Lastly, one way more there may be of mistake, and that not unusual among us, grounded upon a double compute of the year; the one beginning from the 25th of March, the other from the day of our birth, unto the same again, which is the natural account. Now hereupon many men frequently miscast their days; for in their age they deduce the account not from the day of their birth, but the year of our Lord, wherein they were born. So a man that was born in January, 1582, if he live to fall sick in the latter end of March, 1645, will sum up his age, and say I am now sixty three, and in my climacterical and dangerous year; for I was born in the year 1582, and now it is 1645, whereas indeed he wanteth many months of that year, considering the true and natural account unto his birth; and accounteth two months for a year: and though the length of time and accumulation of years do render the mistake insensible ; yet is it all one, as if one born in January, 1614, should be accounted a year old the 25th of March, 1645.

All which perpended, it may be easily perceived with what insecurity of truth we adhere unto this opinion; ascribing not only effects depending on the natural period of time, unto arbitary calculations, and such as vary at pleasure; but confirming our tenets by the uncertain account of others and ourselves, there being no positive or indisputable ground where to begin our compute. That if there were, men have been several ways mistaken; the best in some latitude, others

4 shall be accounted a year old, &c.] does it sound, to assert that on the Whereas, if born on the first of January, 24th of March, 1645, he would be a 1644, he would be only 85 days old on year older than on the 25th March of the 25th of March, that being the first the same year. day of the year 1645: still more strange

in greater, according to the different compute of divers states, the short and irreconcileable years of some, the exceeding error in the natural frame of others, and the lapses and false deductions of ordinary accountants in most.

Which duly considered, together with a strict account and critical examen of reason, will also distract the witty determinations of astrology. That Saturn, the enemy of life, comes almost every seventh year, unto the quadrate or malevolent place; that as the moon about every seventh day arriveth unto a contrary sign, so Saturn, which remaineth about as many years as the moon doth days in one sign, and holdeth the same consideration in years as the moon in days, doth cause these periculous periods. Which together with other planets, and profection of the horoscope, unto the seventh house, or opposite signs every seventh year, oppresseth living natures, and causeth observable mutations in the state of sublunary things.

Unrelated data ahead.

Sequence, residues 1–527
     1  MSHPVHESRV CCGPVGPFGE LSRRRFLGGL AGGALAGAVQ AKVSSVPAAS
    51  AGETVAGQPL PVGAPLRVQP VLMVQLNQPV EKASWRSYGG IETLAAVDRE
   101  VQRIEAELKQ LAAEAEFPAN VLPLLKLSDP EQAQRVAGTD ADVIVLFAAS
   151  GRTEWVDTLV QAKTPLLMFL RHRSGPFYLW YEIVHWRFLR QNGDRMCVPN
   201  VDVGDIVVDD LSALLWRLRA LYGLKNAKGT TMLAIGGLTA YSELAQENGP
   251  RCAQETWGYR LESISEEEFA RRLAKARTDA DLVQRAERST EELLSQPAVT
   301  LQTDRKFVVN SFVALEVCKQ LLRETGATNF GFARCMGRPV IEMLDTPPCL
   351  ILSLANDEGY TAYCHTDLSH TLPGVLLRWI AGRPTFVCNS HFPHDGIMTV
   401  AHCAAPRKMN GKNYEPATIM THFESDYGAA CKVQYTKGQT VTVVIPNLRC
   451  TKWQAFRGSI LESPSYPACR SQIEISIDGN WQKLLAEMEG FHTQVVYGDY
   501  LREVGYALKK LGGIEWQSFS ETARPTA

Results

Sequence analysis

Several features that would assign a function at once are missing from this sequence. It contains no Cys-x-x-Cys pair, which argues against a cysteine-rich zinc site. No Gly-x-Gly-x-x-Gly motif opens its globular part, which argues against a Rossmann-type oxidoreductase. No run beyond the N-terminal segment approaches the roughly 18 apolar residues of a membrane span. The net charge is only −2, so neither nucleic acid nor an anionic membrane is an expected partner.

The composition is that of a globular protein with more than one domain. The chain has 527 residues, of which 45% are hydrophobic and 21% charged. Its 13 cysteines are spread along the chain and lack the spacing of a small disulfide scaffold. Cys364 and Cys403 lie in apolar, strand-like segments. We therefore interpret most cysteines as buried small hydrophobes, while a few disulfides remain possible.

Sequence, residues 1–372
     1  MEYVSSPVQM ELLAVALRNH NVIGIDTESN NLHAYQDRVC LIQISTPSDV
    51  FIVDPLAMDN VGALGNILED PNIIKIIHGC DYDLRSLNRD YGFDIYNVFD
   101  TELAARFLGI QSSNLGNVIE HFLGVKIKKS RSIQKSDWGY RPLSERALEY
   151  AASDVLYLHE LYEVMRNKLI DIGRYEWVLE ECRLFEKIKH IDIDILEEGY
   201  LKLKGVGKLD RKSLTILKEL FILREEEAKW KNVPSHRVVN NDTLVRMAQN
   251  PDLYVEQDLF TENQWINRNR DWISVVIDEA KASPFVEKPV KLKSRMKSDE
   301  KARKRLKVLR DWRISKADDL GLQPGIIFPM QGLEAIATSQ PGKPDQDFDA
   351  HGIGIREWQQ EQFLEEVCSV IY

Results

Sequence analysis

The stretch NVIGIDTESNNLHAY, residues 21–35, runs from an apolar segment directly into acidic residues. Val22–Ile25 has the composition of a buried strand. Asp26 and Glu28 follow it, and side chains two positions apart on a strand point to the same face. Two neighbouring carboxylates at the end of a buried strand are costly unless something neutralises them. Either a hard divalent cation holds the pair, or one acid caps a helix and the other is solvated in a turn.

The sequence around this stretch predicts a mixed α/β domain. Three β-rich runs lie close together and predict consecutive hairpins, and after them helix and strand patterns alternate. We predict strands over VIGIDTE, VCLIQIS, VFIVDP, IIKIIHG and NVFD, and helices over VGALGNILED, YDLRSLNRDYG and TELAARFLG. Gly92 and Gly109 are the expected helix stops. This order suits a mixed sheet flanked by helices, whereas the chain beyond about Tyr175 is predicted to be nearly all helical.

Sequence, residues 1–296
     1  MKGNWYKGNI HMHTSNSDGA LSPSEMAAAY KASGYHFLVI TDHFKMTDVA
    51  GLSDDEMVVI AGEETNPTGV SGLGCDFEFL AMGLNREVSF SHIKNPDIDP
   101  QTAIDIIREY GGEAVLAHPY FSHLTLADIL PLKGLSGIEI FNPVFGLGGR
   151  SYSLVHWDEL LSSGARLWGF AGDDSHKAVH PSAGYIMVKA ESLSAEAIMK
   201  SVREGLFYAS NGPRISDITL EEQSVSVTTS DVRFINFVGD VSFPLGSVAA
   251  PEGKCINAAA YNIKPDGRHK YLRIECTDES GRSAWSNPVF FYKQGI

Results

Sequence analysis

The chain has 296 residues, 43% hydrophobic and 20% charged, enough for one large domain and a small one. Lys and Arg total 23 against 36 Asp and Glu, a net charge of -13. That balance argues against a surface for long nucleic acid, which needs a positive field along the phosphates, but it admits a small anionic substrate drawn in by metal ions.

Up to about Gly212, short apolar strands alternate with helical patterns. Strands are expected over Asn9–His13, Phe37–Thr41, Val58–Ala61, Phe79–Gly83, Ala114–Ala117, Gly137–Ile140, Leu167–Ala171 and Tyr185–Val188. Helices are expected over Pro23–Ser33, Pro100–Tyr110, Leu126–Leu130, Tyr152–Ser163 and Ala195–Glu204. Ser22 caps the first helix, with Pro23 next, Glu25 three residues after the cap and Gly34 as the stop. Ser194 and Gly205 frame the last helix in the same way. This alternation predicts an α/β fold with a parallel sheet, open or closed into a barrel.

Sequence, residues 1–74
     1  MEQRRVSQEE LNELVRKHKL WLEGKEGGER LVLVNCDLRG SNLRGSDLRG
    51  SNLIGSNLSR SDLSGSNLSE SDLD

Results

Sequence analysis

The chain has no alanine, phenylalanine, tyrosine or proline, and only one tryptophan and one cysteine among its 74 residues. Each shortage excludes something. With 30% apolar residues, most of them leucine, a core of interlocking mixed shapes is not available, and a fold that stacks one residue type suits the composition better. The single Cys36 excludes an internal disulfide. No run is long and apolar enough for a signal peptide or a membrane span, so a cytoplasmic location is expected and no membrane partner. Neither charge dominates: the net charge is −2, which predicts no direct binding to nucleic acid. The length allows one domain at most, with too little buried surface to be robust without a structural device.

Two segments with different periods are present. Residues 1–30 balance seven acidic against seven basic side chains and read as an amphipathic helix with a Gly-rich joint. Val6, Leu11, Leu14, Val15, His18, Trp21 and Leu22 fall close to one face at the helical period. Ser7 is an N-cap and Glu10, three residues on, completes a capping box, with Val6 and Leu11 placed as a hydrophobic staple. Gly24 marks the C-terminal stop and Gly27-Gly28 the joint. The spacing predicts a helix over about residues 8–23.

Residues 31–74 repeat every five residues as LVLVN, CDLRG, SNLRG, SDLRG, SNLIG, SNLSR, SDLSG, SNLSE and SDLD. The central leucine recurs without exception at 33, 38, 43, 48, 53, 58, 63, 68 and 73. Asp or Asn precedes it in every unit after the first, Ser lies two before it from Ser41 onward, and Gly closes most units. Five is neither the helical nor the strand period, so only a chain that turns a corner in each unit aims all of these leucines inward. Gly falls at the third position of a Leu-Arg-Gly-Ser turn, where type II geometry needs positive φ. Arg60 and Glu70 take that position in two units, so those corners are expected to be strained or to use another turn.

Further satisfaction may yet be had from the learned discourse of Salmasius * lately published, if any desire to be informed how different the present observations are from those of the ancients; how every one hath different climactericals; with many other observables, impugning the present opinion.

* De Annis Climactericis.

5 which duly, &c.] The two conclu- opportunity to avail myself of them. ding paragraphs were added in 2nd See Pluche i, 266.—Vid. J. F. Ringeledition.

bergii Lucubrationes de Annis ClimacI subjoin several references here trans- tericis, p. 548.—Concerning an cribed from a copy belonging to my late number," see Slopford's Pagano-Papis. friend Rev. Jos. Jefferson ; which may be mus, p. 262.-Jeff. useful to others, though I have not had

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Of the Canicular or Dog-days.

Whereof to speak distinctly. Among the southern constellations, two there are which bear the name of the dog; the one in sixteen degrees of latitude, containing on the left thigh a star of the first magnitude, usually called Procyon or Anticanis, because say some it riseth before the other; which if truly understood, must be restrained unto those habitations, who have elevation of pole above thirty-two degrees. Mention thereof there is in Horace, * who seems to mistake or confound the one with the other; and after him in Galen, who is willing the remarkablest star of the other should be called by this name; because it is the first that ariseth in the constellation; which notwithstanding, to speak strictly, it is not; unless we except one of the third magnitude in the right paw, in his own and our elevation, and two more on his head in and beyond the degree of sixty. A second and more considerable one there is, and neighbour unto the other, in forty degrees of latitude, containing eighteen stars, whereof that in his mouth, of the first magnitude, the Greeks call Leiguos, the Latins canis major, and we emphatically the dog-star.

Now from the rising of this star, not cosmically, that is, with the sun, but heliacally, that is, its emersion from the rays of the sun, the ancients computed their canicular days; concerning which, there generally passeth an opinion, that during those days all medication or use of physick is to be declined, and the cure committed unto nature. And therefore as though there were any feriation in nature or justitiums? imaginable in professions, whose subject is natural, and

* Jam Procyon fuerit et stella vesani Leonis. seriation.] l'acations.

7 justiliums.? Probably, statute laws.